Beer and wine sales allowed at GetGo on Frankstown Road in Penn Hills
The Pennsylvania Liquor Control Board recently granted a request to sell beer and wine at a GetGo gas station at a busy intersection in Penn Hills.
The approval comes after more than a year of debate about whether the gas station should be permitted to sell alcohol.
“The board will do an inspection to see if their plans they submitted are done to specs,” Shawn Kelly, an LCB spokesman said. If the store's renovations meet those specs, the agency will issue GetGo's license to sell beer and wine, he said.
Dick Roberts, a Giant Eagle spokesman, did not have a completion date for renovations at the 10525 Frankstown Road location. The work will cost about $300,000 and add seating for 30 with food service. Giant Eagle operates the GetGo chain of convenience stores and gas stations.
The convenience store has said there will be a “100 percent carding policy” and would limit sales of beer to two for on-property consumption, but only when coupled with a food purchase. Wine sales will be limited to four bottles, and purchasers will not be permitted to consume wine in the store.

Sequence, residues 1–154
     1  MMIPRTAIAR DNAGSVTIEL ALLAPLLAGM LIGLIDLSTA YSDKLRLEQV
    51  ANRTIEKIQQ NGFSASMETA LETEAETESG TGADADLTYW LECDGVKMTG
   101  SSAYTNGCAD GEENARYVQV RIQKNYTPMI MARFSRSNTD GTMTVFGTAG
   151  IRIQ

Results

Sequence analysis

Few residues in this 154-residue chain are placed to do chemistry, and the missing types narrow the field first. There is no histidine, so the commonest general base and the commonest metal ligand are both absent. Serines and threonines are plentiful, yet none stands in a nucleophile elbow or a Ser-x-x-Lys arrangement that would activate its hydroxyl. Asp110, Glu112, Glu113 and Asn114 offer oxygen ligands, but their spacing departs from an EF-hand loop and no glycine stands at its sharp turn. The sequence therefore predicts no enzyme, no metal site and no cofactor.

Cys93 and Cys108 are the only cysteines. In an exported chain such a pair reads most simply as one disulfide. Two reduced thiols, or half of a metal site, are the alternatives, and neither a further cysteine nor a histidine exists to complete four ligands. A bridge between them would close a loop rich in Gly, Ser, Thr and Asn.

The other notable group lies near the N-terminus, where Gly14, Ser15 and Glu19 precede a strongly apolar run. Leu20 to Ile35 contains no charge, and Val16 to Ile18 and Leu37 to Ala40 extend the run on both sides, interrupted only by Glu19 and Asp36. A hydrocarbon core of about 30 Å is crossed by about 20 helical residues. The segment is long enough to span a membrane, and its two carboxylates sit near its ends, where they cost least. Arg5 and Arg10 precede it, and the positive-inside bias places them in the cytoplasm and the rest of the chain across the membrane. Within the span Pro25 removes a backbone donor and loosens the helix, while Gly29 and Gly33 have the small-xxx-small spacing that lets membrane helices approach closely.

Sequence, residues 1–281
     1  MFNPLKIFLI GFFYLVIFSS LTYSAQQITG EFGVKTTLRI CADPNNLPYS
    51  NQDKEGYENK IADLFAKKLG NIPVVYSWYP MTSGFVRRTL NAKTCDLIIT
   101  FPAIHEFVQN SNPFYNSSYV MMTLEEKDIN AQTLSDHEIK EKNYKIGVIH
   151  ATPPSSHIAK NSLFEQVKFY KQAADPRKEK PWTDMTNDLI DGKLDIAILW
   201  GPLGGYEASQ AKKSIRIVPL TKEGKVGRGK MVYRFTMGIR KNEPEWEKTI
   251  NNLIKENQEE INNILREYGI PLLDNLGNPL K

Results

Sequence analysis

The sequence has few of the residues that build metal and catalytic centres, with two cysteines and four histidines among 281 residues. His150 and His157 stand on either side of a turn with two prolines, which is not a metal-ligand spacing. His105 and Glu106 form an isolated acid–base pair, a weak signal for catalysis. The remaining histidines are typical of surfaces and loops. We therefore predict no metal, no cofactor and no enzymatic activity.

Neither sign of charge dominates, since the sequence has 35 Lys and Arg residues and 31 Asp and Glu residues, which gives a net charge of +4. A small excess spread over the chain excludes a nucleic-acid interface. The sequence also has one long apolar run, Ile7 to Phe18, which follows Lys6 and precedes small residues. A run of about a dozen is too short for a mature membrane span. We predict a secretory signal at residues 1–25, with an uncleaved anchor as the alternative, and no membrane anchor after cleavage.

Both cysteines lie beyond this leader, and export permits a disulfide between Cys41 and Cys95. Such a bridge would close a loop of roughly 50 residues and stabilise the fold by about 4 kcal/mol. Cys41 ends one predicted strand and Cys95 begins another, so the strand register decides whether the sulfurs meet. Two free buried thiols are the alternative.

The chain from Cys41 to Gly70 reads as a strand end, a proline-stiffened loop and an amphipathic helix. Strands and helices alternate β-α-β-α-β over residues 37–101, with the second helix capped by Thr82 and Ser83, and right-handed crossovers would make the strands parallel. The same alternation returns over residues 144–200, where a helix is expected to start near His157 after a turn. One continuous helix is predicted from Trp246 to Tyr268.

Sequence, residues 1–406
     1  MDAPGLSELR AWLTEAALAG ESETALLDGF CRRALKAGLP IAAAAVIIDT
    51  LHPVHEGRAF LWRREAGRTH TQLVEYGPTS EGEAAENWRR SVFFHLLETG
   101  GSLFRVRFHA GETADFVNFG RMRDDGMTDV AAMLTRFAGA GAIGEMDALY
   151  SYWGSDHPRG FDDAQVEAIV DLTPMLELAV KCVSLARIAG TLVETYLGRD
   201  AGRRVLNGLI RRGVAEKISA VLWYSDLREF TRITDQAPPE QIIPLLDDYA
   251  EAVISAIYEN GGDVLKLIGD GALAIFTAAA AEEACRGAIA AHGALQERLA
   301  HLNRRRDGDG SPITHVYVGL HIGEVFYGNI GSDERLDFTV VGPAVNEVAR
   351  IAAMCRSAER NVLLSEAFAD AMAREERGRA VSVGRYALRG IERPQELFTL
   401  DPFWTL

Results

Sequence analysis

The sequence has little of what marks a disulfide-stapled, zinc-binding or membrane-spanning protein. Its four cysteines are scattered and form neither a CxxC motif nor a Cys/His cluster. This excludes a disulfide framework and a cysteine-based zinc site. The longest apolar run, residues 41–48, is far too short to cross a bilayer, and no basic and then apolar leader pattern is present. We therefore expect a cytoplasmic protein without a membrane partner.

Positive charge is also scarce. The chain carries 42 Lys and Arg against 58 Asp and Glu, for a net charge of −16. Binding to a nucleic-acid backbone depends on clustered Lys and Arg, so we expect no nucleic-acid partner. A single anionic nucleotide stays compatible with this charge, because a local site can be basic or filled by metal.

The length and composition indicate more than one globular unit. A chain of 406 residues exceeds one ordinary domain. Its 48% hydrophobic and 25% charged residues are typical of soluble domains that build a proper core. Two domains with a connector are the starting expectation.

Giant Eagle applied for a license transfer from a former business in North Versailles in February 2017. It withdrew that request a few weeks later because some Penn Hills council members said they were against selling alcoholic beverages at that store.
Giant Eagle's second request came in April 2017, when it applied for a license from the former Vincent's Pizza Park on Frankstown Road. Since the license would be transferred within the municipality, the company does not have to seek approval from the council before proceeding, Kelly said.
Hebron United Presbyterian Church, which is near the gas station, filed a protest with the LCB in May 2017, prompting a public hearing that was held in March.
Pastor Doug Rehberg was not surprised by the agency's May 16 decision to allow the sale of beer and wine at the GetGo.
“We sought to represent the neighborhood. Everything we said at the hearing are still concerns that we have,” he said.
Rehberg's argument centered on his concern that his church's parking lot across the street would be used by the increased number of customers coming to the convenience store if alcohol sales are permitted. He also predicted that alcohol sales would increase crime in the neighborhood.